Leonard Stiller had an annoying habit of leaning forward whenever Franklin spoke. As if he thought his seventeen-year-old patient was about to tell him the meaning of life, or at least who was going to win the pennant. It had been a lot easier, Franklin realized, to put his thoughts down in the journal than to hold a conversation with this man.
"So," Dr. Stiller said, shifting in his chair, holding up the small brown loose-leaf. "You don't see anything remarkable, anything askew, in what you've written here?"
"Askew?" Franklin turned on the leather couch, caught Stiller's eyes glancing off him.
"Unusual," the psychiatrist explained, placing the notebook in his lap, balancing it across his scarecrow knees. "Different."
Franklin nodded, then thought. Rosey is unusual, he decided. Rosey is different. But he knew Stiller didn't mean that. He studied the man's placid face, the deep, empty eyes that gave out no light. "I give up," he said.
Dr. Stiller smiled, uncrossed his legs, and leaned forward again, his perfectly trimmed beard and gray-flecked brows swimming toward Franklin through the afternoon gloom. "Haven't you noticed," he asked, "what you've done here?" Now the notebook swam forward, too, falling open a little, the corners of its white pages gleaming. "Hasn't it occurred to you, Franklin, that all these memories are written in the present tense?"
"Oh, that." Franklin felt a familiar shame, a niggling failure to measure up. "My family's always on me about that." He turned around,settled back in the couch. "My friends, too."
"It's been over six months since Rosellen's death, Franklin." The older man's voice wasn't scolding or judgmental; it washed over Franklin, a slow, sad rain. "Six months since the accident, and yet you're still talking about her as if she's alive."
Franklin struggled to keep the film from starting, the reel that played in his head anytime someone mentioned the crash. Talk, he thought to himself, as Rosey's bright pink jeep rounded a curve. Talk, for God's sake.
"You asked me to put down everything I remember," he told Stiller. He felt the tears just behind his words, pushing, jostling each other like a concert crowd. "That's the way I remember it." For nearly two months he'd been jotting them down, bright pieces of the past that came alive as soon as he started writing.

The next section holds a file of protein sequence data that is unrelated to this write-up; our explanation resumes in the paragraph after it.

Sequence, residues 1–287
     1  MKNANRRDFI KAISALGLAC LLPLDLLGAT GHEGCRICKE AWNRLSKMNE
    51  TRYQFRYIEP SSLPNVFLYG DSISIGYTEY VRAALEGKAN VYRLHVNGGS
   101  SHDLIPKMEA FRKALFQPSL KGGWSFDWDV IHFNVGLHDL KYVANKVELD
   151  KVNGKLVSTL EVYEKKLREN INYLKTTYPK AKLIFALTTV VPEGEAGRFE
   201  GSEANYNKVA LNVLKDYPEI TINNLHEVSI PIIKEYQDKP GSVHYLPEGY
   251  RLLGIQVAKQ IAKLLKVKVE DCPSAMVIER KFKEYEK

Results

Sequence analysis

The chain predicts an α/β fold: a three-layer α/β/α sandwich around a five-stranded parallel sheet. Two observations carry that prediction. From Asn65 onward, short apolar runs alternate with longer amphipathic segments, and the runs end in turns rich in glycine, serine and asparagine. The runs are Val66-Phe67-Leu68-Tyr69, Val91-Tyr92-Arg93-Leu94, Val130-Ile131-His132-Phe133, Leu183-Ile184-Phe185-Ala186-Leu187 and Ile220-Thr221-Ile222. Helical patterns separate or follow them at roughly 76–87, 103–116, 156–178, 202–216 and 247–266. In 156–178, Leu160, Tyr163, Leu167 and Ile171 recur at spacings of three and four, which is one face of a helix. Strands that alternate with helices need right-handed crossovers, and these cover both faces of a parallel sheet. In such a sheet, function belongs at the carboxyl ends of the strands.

"I see." Stiller leaned closer. "What do you think about that, Franklin?"
It was the same sort of question the doctor had been asking him for weeks on end. "How do you feel about that, Franklin?" when the antidepressants made him dizzy. "Would you like to interject something here?" when the school counselor attended a session, shaking her head, using words like despondent, clinical, withdrawn.
"What do I think?" repeated Franklin, weary and angry at once. "I think I'm sick to death of thinking." And I'm sick of coming here, he wanted to add. Of taking my pills like a good boy. Of trying to help everyone else forget.
"I wonder what would happen," Stiller said, the notebook back in his lap, the tips of his pale fingers pressed together, "if you rewrote those incidents in the past tense."
Franklin stared at the arched fingers of his therapist. A childhood game glided like a large, lazy fish into his mind. Here is the church, he thought, here is the steeple. Open the door, and see all the people. Then Rosey's car turned down the road toward Sundaes Unlimited, and he closed his eyes.
"Do you think you could do that for me, Franklin?"
"Do you think you could take this journal back and choose one of the entries to rewrite?" Franklin opened his eyes, the peak of hands collapsed, and Stiller sat up. "Describe things in the past tense? Put these memories behind you?"
Rosey behind me, Franklin thought. Rosey in front of me, Rosey beside me. Lidded eyes, dark hair with copper highlights flashing like waves. Ring around the Rosey, a pocketful of posies ...
Ashes, ashes, we all fall down.
"Did you hear me, Franklin?" Stiller asked. "Do you think you could do that for me?" He stood up, held the notebook across the distance between them.
Franklin rose and nodded again. He took the book back, and when Stiller reached out with his other hand, Franklin shook it, then hurried out of the office and downstairs into what was left of the afternoon.
"How did it go?" His mother's voice had the same cheerful, tinny sound it did when she asked him about tests at school. But she looked tired, the skin around her eyes and mouth looser, paler than he remembered. When had that happened?